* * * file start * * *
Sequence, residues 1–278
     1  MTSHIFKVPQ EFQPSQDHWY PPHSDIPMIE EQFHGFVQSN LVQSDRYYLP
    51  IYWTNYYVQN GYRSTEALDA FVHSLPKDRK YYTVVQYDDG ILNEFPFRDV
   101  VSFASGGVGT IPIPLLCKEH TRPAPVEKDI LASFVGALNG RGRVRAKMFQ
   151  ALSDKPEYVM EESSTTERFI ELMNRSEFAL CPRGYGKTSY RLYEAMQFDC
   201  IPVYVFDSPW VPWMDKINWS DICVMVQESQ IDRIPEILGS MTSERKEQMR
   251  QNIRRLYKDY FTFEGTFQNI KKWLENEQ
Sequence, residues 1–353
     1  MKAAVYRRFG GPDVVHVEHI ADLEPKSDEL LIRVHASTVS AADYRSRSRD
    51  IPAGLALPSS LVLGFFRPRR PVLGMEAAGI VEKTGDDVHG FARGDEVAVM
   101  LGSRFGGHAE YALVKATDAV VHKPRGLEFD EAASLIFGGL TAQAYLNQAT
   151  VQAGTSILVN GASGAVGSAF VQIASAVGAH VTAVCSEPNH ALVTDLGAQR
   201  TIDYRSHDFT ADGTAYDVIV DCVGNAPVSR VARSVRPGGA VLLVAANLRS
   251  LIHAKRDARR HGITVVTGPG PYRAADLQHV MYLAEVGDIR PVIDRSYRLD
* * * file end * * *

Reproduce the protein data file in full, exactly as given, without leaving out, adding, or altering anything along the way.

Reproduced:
Sequence, residues 1–278
     1  MTSHIFKVPQ EFQPSQDHWY PPHSDIPMIE EQFHGFVQSN LVQSDRYYLP
    51  IYWTNYYVQN GYRSTEALDA FVHSLPKDRK YYTVVQYDDG ILNEFPFRDV
   101  VSFASGGVGT IPIPLLCKEH TRPAPVEKDI LASFVGALNG RGRVRAKMFQ
   151  ALSDKPEYVM EESSTTERFI ELMNRSEFAL CPRGYGKTSY RLYEAMQFDC
   201  IPVYVFDSPW VPWMDKINWS DICVMVQESQ IDRIPEILGS MTSERKEQMR
   251  QNIRRLYKDY FTFEGTFQNI KKWLENEQ
Sequence, residues 1–353
     1  MKAAVYRRFG GPDVVHVEHI ADLEPKSDEL LIRVHASTVS AADYRSRSRD
    51  IPAGLALPSS LVLGFFRPRR PVLGMEAAGI VEKTGDDVHG FARGDEVAVM
   101  LGSRFGGHAE YALVKATDAV VHKPRGLEFD EAASLIFGGL TAQAYLNQAT
   151  VQAGTSILVN GASGAVGSAF VQIASAVGAH VTAVCSEPNH ALVTDLGAQR
   201  TIDYRSHDFT ADGTAYDVIV DCVGNAPVSR VARSVRPGGA VLLVAANLRS
   251  LIHAKRDARR HGITVVTGPG PYRAADLQHV MYLAEVGDIR PVIDRSYRLD